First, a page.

“No one should ever be treated this way,” United Airlines CEO Oscar Munoz said in a statement on Tuesday, after previously describing the passenger who was forcibly removed from the plane as “disruptive and belligerent.” “I promise you we will do better.”
We asked associate professor Paul Fombelle, a service marketing expert in the D’Amore-McKim School of Business, to explain where United went wrong and what the airline could do to repair its reputation.
United Airlines asked for volunteers to take a later flight due to the need to squeeze flight attendants on the plane, offering as much as $800 per person plus a hotel stay. When no one accepted, the airline selected four passengers for involuntary bumping, including the doctor in question. What should United have done differently to avoid having to call in airport police to forcibly remove him from the plane?
I see two answers to this question. The short answer is that United should have dealt with this well before passengers boarded the plane. In the bigger picture, however, I see this whole event as a symptom of how the airline views and treats its customers. United treats its customers as an equation that needs to be optimized. In other words, it has an equation for who gets bumped and who doesn’t. I don’t believe treating customers as a means to a profit is a sustainable business plan in our ultra social media environment. In order to fix this, firms need to be relationship focused, seeking to build lasting relationships with customers based on trust that will last.
Further, United, and many other airlines, use an equation to decide who is a valuable customer when bumping, giving priority to those who have status or paid more. While some current passengers may not yet be platinum fliers or flying in first class, they may develop into these customers in the future. Viewing every customer as being on a kind of journey allows for the viewpoint that every customer has value and, given the proper relationship development, could turn into lifelong loyalists.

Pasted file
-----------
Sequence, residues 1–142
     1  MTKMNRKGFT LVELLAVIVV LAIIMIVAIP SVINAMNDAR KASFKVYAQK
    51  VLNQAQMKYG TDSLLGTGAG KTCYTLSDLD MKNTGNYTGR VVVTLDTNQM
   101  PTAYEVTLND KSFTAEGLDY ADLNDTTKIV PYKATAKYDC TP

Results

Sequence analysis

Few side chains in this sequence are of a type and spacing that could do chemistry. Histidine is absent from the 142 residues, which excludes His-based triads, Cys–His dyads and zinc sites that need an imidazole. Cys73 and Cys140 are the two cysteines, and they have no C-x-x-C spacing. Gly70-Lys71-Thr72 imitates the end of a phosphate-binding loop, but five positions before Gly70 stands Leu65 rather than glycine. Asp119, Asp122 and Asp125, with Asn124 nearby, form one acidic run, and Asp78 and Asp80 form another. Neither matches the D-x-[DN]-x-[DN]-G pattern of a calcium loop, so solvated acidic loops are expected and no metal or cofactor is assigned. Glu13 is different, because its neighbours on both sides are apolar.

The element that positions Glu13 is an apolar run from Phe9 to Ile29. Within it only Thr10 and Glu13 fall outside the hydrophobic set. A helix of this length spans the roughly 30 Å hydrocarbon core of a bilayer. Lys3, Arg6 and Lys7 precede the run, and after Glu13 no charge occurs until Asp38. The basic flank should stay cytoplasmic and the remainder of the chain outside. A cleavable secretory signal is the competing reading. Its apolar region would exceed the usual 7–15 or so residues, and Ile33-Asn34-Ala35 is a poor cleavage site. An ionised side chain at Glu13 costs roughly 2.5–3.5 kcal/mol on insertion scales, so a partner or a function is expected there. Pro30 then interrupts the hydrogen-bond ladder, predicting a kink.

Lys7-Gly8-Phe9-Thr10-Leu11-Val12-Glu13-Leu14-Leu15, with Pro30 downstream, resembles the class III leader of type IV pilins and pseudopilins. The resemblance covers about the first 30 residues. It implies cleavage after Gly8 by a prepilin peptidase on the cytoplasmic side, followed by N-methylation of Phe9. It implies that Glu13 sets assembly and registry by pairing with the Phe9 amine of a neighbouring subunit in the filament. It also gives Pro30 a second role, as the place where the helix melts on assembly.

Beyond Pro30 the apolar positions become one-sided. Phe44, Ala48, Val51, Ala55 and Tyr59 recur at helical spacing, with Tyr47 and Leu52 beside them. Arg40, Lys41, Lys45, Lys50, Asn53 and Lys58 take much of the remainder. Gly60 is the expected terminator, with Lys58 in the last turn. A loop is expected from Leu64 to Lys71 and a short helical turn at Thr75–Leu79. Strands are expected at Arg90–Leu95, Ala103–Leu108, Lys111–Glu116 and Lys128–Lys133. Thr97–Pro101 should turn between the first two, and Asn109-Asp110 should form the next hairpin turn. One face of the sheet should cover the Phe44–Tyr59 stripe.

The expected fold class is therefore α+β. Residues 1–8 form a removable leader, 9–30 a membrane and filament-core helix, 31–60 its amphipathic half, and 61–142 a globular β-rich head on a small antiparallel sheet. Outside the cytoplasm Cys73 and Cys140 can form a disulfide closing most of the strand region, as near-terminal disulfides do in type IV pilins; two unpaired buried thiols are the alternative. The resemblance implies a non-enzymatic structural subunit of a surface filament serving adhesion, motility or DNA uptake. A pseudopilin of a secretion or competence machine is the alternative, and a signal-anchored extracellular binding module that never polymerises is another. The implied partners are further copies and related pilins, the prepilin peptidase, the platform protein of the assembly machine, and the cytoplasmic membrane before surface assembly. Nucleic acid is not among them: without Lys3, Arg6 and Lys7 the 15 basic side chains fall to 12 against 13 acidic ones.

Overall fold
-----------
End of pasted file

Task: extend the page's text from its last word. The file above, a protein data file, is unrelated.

What might United Airlines do to repair its relationship with its customers, some of whom might be reconsidering whether they want to fly with the airline in the future?
United is in a world of trouble. The airline started years ago with “United Breaks Guitars,” moved recently intro wardrobe requirement debates, and has now hit rock bottom with this nightmare. The latest video is heart-wrenching and spreading like wildfire. United needs to convince current and future customers that it views them as more than just a profit to be optimized. If a customer thinks United might put less value on their business than that of a more elite traveler, they will quickly seek out alternatives. This will take time. Relationships don’t form overnight and this relationship is starting from a world of mistrust.
What can other businesses learn from United’s mistakes?
By taking a holistic view of the customer journey, firms may be able to strengthen relationships with their most valuable customers and, in turn, increase customer retention, positive word-of-mouth, and profitability. Customers want to know that the company actually cares about their personal wants and needs and that they are not just viewed as a number in an equation. United has created opportunities for its competitors to step up and show customers how much they value them as humans. JetBlue claims that they never bump customers. It is a great time for them to double down on this value proposition. Customers will continue to look for companies that show they care.